Matrignosis: A Blog About Inner Wisdom

Think Pyschologically; Live Spiritually

Musings on Mortality October 21, 2014

Lamp in the Window

Lamp in the Window

My father-in-law’s funeral last weekend has me revisiting the mystery of death. Organized religions have it figured out.  Unfortunately, their explanations stopped working for me many years ago.  I often wonder if they work for anyone.  Are words and beliefs which originate outside of us really enough to erase our terror of death, or is something more needed? Something powerful and personal that arises from within.

Dad’s church service was beautiful and deeply moving. I was grateful for the opportunity to honor his life in this sacred space and it felt right and necessary to celebrate his memory with family and friends. But this time-honored tradition didn’t answer my questions about death.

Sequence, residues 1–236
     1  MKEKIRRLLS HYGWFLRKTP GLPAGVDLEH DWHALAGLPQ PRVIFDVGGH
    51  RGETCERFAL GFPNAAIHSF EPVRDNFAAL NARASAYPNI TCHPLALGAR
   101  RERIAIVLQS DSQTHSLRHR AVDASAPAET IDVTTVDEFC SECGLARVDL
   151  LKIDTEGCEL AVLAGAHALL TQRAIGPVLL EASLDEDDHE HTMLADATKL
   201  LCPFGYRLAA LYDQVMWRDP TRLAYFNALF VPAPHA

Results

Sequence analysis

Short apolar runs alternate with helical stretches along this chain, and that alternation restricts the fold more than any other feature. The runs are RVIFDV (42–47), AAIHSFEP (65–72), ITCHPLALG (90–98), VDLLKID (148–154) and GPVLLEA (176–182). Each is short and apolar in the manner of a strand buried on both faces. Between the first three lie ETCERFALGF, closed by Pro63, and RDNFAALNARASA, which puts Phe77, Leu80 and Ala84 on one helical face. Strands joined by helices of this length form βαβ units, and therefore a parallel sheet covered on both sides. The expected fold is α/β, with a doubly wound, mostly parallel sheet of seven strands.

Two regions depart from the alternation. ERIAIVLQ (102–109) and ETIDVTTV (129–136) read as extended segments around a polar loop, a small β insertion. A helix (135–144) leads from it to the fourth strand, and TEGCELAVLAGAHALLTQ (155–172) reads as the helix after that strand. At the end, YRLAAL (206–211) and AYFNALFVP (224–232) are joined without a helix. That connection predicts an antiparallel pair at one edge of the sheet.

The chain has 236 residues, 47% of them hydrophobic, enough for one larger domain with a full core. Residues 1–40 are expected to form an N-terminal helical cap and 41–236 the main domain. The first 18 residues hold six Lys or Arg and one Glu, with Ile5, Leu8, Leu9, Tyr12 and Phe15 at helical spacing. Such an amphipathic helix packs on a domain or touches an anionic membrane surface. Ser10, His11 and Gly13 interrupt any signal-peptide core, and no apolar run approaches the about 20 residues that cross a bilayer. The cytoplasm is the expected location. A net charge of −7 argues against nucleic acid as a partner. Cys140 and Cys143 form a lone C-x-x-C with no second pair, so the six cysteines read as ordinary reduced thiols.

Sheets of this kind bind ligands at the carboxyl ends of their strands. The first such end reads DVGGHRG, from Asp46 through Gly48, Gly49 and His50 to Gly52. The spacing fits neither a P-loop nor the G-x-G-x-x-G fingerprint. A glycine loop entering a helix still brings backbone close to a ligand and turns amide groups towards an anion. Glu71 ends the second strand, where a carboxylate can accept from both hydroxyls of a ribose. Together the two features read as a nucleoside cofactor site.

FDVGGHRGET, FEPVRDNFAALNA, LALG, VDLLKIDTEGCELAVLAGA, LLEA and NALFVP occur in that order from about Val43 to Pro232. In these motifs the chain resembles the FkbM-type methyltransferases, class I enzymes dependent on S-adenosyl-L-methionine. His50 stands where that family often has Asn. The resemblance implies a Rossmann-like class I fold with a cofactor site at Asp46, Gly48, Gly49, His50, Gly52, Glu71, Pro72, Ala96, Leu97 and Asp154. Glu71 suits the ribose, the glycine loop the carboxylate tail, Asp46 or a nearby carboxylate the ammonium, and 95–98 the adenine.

Over the years I’ve wondered things like, when I die, what is the “I” that dies? Is it all of me, or just the physical part of me, or some of the mental parts too, or what? If anything lives on, what is it?  Where does it live?

Other questions are about how to deal with death while I’m still alive.  Shall I fight it or accept it? Ignore it or face it? Is there a way I can come to terms with my eventual death or the death of a loved one now? If so, what is it?

And I wonder about people who say, “Why would I want to think about death?  Isn’t it better to be happy and see the bright side of things?  What good can it possibly do to dwell on such morbid thoughts?”